First up this week we have graphene being demonstrated in the thinnest visible on-chip light source ever Second, a graphene coating on the copper wires or traces that connect components on computer chips boosts transmission speed in these connectors by 17% now and possibly 30% in future Third, graphene electrodes provide significant improvements to piezoelectric MEMS and NEMS resonators Finally, graphene quantum dots can produce LED-type displays with brightness exceeding that of standard devices

8. 3D Printing Cellulose
A new technique allows cellulose (very strong polymer of linked glucose units) from wood to be mixed with a hydrogel and used as a 3D printing material for the first time; drying the final print to remove the water and leave behind the strong scaffold of cellulose is a key step This is interesting in the sense of not being a plastics / hydrocarbon based printing material, and mixing other components can produce cellulose inks with a range of properties such as electrical conductivity. In related news 3D printing in colour is set to get better, and 3D printing inflatable, flexible, stretchable structures is pretty promising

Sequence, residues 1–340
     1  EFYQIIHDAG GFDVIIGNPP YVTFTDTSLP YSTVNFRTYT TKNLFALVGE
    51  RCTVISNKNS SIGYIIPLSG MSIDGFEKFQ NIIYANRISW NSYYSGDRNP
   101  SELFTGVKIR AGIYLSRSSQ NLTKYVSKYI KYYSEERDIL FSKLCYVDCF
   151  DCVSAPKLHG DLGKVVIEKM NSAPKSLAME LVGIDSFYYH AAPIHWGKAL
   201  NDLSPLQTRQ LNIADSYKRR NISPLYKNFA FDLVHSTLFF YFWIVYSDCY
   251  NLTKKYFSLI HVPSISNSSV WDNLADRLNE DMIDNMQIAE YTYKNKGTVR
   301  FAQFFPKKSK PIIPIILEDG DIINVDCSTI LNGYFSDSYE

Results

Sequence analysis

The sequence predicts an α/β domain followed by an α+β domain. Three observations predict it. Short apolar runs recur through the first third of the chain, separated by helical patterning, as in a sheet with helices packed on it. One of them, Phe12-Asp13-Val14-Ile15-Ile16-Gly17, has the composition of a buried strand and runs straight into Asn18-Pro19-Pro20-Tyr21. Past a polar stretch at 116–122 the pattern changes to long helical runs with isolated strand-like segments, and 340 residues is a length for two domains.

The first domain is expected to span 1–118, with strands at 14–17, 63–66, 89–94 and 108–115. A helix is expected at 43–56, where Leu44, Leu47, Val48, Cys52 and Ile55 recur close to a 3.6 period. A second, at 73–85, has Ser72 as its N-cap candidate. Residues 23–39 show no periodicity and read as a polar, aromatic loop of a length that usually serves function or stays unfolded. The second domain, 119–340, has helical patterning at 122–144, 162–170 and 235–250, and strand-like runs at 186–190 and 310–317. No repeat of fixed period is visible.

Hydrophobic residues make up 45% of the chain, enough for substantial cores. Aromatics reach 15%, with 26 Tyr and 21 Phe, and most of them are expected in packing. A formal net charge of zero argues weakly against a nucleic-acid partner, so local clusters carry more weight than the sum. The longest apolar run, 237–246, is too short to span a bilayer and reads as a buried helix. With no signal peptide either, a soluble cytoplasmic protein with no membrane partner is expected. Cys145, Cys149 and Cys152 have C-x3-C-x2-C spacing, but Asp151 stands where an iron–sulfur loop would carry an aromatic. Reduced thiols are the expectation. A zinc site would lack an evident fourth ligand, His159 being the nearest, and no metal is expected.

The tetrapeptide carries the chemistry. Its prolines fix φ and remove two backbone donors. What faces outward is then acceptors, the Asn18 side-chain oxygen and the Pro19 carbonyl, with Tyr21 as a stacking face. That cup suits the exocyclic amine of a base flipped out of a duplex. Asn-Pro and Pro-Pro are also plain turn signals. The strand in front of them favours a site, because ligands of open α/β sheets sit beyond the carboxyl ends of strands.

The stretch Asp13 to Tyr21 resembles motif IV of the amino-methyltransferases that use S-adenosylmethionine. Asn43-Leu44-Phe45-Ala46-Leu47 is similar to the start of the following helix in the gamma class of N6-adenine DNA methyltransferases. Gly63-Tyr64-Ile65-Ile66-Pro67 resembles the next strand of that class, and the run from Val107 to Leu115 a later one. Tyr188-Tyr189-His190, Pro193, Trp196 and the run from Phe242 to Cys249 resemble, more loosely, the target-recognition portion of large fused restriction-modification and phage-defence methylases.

9. Controlling GMOs with Molecular Locks
 A better lock-and-key mechanism allows for better control of genetically modified organisms In addition to the genetic modifications of interest one or more of a number of genes that are essential to the survival of cells are also engineered so as to produce proteins whose functional shape is dependent on the presence of a particular non-natural compound; without this compound as an easily available nutrient the cell reverts to its default state: death. This isn’t perfect or foolproof for a number of reasons but does build on similar mechanisms being employed by CRISPR for example to controllably induce the desired genetic activity. 

10. Better Robotic Hands and Legs